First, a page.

Discover Benelux, Issue 53, May 2018

Page 42

Discover Benelux  |  Belgian Design  |  (Hand)Made in Belgium

Bringing heart and soul to gardens TEXT: MICHIEL STOL  |  PHOTOS: HORTUM HOUT

Our garden is the one place close by, where we can wonder at nature’s beauty and forget all about the hectic world around us. The wooden garden furniture Lukas de Loore of Hortum-hout designs and builds by hand, brings the heart and soul into that special place. “It’s not about the product, it’s about upgrading your garden”. Hortum-Hout is located near Ghent in Sint-Amandsberg, where De Loore designs and creates all the wooden furniture in his workshop. “I come from an artistic family. My youngest brother is training to become an ebony joiner, whilst the oldest lives in an oak stilt house. Our mother taught us our love for native plants and trees and the way they liven up a garden,” he explains. During his studies, De Loore worked in the gardens of the Succa Castle in Destelbergen, a medieval castle with over 42 acres of gardens, parks and woods. “As an intern, I was often confronted with 42  |  Issue 53  |  May 2018

sterile, mundane gardens, but the Succa gardens really inspired me to start my own business of landscaping and creating furniture.” At age 19, De Loore started Hortum-hout and it took off immediately. De Loore initially set out to create a new kind of garden furniture, made out of indigenous wood. “One day I saw my father, who is a visual artist, building a beautiful, big and firm pinewood hennery. An unpretentious object, but with perfect proportions,” continues De Loore. “I knew I wanted to do that also, so I started to focus more on henneries.” He now designs them himself, and they can be altered to the clients’ wishes – for instance, combined with a rabbit hutch. “I go to a lot of garden fairs, to showcase the henneries as well as different kinds of spice boxes, wooden tables and fences. But the coops are often what customers marvel at. They get a lot of appreciation.” And not just in Belgium. “We ship our products all over Europe.”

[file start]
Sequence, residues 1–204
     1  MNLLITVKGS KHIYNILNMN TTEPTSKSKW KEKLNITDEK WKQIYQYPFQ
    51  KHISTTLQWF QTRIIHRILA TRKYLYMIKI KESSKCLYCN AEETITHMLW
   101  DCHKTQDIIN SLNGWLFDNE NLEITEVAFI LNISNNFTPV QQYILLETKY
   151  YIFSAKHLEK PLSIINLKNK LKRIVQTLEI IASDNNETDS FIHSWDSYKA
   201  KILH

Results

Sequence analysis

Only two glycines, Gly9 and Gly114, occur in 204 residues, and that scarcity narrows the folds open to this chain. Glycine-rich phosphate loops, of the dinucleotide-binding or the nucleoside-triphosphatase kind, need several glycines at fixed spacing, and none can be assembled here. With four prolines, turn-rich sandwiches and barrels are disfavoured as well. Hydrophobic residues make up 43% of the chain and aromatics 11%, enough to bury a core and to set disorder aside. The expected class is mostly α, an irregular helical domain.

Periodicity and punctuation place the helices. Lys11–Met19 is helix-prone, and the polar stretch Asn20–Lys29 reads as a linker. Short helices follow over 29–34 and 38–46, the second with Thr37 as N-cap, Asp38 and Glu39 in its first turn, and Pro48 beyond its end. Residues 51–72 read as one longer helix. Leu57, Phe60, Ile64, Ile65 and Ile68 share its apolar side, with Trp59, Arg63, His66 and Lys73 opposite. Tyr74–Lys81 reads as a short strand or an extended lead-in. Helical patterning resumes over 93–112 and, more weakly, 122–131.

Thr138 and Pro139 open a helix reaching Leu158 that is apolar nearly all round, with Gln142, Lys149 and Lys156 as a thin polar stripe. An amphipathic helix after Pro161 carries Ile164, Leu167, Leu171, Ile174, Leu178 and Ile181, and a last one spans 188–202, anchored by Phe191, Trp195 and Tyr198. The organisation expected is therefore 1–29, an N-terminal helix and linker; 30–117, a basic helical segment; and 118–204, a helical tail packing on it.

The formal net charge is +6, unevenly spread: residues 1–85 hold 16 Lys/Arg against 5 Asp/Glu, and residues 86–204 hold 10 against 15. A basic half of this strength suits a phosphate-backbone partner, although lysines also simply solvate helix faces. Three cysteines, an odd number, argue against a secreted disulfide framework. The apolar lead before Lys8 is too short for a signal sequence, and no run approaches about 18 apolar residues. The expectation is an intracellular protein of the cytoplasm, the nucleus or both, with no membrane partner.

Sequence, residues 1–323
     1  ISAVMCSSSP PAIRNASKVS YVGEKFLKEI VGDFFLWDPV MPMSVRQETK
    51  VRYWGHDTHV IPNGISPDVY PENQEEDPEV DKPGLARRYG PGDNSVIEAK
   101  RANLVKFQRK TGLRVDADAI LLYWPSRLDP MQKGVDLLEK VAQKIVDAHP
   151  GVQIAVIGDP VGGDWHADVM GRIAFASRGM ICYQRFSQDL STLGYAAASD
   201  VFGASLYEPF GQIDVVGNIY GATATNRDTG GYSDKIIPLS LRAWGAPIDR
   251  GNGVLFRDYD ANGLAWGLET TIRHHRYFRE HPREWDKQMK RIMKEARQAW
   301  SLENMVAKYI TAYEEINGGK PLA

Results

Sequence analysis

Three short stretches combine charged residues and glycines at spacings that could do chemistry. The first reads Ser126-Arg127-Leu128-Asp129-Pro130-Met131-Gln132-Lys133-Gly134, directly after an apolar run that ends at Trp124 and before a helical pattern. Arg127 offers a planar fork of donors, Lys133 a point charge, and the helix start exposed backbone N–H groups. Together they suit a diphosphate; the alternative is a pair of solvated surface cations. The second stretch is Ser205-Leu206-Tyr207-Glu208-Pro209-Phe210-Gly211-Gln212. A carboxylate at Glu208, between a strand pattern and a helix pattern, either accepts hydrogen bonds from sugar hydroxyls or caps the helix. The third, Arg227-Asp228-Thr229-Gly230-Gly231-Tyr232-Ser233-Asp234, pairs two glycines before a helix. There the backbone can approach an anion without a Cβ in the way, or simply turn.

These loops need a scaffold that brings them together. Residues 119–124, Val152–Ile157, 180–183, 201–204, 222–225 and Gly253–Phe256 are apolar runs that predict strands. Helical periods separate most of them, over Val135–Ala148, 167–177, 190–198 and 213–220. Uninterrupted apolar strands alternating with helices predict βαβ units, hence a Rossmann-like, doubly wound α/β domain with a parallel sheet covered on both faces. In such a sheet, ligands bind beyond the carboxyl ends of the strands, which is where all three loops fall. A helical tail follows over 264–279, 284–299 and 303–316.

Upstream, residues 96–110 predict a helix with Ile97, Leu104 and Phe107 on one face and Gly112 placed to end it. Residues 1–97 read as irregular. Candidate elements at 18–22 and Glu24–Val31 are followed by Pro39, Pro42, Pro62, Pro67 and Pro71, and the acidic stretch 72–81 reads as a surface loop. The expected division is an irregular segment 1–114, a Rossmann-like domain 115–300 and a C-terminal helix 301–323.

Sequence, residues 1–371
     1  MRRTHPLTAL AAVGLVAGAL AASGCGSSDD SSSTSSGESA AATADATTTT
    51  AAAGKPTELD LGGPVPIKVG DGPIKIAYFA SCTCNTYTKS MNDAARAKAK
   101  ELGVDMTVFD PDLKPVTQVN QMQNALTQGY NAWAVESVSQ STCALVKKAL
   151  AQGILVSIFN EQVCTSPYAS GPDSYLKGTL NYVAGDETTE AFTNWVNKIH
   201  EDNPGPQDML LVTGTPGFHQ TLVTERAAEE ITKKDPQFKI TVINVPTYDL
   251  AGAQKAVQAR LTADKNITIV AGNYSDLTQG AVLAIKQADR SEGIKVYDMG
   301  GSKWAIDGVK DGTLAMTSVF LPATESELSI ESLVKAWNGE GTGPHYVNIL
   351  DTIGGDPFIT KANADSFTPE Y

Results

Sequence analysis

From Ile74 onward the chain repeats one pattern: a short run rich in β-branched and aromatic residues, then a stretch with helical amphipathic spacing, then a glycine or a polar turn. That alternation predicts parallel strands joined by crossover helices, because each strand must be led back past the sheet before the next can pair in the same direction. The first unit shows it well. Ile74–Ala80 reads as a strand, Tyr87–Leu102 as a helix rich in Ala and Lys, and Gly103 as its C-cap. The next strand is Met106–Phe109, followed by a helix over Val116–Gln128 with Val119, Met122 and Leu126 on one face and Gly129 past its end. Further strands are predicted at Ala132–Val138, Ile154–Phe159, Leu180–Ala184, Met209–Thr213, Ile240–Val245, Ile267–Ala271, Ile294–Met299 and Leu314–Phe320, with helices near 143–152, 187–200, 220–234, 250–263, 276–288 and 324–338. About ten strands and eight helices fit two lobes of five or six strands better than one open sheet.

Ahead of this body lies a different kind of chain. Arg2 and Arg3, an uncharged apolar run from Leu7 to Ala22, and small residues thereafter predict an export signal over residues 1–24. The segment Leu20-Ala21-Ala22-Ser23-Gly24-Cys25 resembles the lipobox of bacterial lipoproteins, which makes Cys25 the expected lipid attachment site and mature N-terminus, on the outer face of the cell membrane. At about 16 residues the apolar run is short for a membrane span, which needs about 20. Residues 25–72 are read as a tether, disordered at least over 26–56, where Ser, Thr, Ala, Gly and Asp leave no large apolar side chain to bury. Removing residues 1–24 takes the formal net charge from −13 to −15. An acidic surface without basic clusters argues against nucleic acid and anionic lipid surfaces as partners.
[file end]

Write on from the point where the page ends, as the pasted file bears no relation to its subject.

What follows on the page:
“People tend to spend a lot of time in their gardens and want to be creative,” says De Loore. “They want handcrafted, honest products, not mass produced furniture. For us at Hortum-hout, the challenge is to create something that is true and honest, whilst also building something beautiful and unique. And my henneries are just that,” he smiles.